ip unnumbered D ! e.g. address from Ethernet interface
tunnel source D ! e.g. address from Ethernet interface
tunnel destination A
ip route C <some interface and mask>
ip route A mask C
ip route X mask tunnelX


On Host D (FreeBSD):

route add default C
ifconfig greN create
ifconfig greN D A
ifconfig tunnel greN D A

If all goes well, you should see packets flowing ;-)

If you want to reach Host A over the tunnel (from Host D (Cisco)), then you have to have an alias on Host A for e.g. the Ethernet interface like:

ifconfig <etherif> alias Y

and on the Cisco:

ip route Y mask tunnelX

A similar setup can be used to create a link between two private networks (for example in the 192.168 subnet) over the Internet:

192.168.1.* --- Router A -------tunnel-------- Router B --- 192.168.2.*
\ /
\ /
+------ the Internet ------+

Assuming router A has the (external) IP address A and the internal address, while router B has external address B and internal address, the following commands will configure the tunnel:

On router A:

ifconfig greN create
ifconfig greN link1
ifconfig greN tunnel A B
route add -net 192.168.2 -netmask

On router B:

ifconfig greN create
ifconfig greN link1
ifconfig greN tunnel B A
route add -net 192.168.1 -netmask

Note that this is a safe situation where the link1 flag (as discussed in the BUGS section below) may (and probably should) be set.


The MTU of gre interfaces is set to 1476 by default, to match the value used by Cisco routers. This may not be an optimal value, depending on the link between the two tunnel endpoints. It can be adjusted via ifconfig(8).

For correct operation, the gre device needs a route to the destination that is less specific than the one over the tunnel. (Basically, there needs to be a route to the decapsulating host that does not run over the tunnel, as this would be a loop.) If the addresses are ambiguous, doing the ifconfig tunnel step before the ifconfig(8) call to set the gre IP addresses will help to find a route outside the tunnel.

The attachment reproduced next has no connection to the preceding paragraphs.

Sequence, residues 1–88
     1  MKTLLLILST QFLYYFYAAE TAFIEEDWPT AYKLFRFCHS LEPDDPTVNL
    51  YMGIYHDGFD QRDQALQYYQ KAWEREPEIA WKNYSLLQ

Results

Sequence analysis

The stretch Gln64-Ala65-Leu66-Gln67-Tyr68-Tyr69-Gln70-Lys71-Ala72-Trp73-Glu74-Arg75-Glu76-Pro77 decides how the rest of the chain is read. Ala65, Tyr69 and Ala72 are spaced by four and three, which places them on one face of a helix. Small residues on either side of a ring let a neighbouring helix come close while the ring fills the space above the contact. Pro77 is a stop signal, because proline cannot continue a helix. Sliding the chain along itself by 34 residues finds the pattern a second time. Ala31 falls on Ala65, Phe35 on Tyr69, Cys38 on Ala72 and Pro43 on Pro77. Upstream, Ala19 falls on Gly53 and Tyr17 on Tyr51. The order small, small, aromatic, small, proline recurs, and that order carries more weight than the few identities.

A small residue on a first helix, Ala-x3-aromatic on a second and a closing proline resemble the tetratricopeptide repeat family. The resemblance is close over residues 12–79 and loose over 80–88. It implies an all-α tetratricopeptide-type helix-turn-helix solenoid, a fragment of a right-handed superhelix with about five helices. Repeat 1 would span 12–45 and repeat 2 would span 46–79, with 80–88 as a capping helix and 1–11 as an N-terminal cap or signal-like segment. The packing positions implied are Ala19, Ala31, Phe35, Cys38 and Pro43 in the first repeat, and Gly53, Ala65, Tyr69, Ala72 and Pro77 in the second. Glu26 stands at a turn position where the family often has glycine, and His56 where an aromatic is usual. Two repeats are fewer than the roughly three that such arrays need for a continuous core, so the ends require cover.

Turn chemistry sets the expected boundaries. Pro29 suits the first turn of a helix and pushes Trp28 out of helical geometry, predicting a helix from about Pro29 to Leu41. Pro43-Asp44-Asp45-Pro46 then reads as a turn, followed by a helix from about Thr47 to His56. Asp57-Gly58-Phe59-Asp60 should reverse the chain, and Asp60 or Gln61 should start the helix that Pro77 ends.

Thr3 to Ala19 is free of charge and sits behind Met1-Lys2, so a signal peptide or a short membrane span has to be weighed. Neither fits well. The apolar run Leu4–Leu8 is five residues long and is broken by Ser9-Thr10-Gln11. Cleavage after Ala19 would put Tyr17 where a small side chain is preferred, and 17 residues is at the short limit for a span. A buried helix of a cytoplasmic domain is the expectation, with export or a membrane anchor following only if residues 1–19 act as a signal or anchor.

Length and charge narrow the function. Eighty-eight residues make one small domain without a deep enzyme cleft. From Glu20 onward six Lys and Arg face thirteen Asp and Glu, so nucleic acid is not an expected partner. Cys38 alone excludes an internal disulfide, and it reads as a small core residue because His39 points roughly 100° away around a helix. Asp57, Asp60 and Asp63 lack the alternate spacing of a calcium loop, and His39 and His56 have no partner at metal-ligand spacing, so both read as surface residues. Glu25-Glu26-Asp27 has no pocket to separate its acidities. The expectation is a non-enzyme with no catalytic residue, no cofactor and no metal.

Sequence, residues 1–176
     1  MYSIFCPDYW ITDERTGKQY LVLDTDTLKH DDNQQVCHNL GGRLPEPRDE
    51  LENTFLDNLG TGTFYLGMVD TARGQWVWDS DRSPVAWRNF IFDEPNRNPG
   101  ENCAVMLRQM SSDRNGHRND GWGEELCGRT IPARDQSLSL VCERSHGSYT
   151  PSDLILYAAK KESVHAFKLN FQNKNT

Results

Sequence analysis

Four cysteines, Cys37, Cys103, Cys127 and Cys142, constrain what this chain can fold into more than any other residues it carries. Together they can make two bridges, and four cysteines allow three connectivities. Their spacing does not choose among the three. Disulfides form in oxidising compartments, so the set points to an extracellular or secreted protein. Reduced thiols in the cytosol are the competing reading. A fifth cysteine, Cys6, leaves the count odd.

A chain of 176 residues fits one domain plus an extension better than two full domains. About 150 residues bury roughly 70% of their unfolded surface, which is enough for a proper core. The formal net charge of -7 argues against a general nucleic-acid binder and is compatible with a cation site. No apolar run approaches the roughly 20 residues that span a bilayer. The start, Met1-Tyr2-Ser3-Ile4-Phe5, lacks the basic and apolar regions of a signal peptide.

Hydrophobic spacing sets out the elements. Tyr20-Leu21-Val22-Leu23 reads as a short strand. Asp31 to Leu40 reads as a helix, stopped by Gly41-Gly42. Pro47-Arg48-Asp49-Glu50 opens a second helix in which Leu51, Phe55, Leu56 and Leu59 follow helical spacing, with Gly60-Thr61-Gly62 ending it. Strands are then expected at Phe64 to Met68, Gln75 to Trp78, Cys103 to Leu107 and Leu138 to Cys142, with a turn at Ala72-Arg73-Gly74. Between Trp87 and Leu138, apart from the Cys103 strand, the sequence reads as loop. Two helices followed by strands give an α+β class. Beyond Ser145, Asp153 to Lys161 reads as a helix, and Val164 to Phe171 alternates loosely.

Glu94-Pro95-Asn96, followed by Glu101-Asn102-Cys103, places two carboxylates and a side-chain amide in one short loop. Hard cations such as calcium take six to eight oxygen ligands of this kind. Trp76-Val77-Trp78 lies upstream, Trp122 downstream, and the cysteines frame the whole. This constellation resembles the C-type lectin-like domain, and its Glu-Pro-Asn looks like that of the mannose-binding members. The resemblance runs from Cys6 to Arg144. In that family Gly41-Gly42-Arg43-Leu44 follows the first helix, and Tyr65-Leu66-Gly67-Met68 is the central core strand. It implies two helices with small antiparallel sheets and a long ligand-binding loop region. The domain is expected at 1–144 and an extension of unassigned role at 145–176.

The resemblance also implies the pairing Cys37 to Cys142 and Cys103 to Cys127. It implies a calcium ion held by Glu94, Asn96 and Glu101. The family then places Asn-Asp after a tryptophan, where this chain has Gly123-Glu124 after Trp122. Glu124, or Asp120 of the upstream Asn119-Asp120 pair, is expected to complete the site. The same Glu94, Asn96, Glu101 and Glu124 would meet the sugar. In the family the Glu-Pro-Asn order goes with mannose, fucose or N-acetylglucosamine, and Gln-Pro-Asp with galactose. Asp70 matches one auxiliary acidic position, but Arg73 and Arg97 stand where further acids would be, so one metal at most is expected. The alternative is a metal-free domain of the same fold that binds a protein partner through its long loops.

In order to tell ifconfig(8) to actually mark the interface as ‘‘up’’, the keyword up must be given last on its command line.

The kernel must be set to forward datagrams by setting the ip.forwarding sysctl(8) variable to non-zero.


gif(4), inet(4), ip(4), netintro(4), protocols(5), ifconfig(8), sysctl(8)

A description of GRE encapsulation can be found in RFC 1701 and RFC 1702.

A description of MOBILE encapsulation can be found in RFC 2004.


Heiko W.Rupp 〈〉


The compute_route() code in if_gre.c toggles the last bit of the IP-address to provoke the search for a less specific route than the one directly over the tunnel to prevent loops. This is possibly not the best solution.

To avoid the address munging described above, turn on the link1 flag on the ifconfig(8) command line. This implies that the GRE packet destination and the ifconfig remote host are not the same IP addresses, and that the GRE destination does not route over the gre interface itself.

The GRE RFCs are not yet fully implemented (no GRE options).

MidnightBSD 0.3 June 9, 2002 MidnightBSD 0.3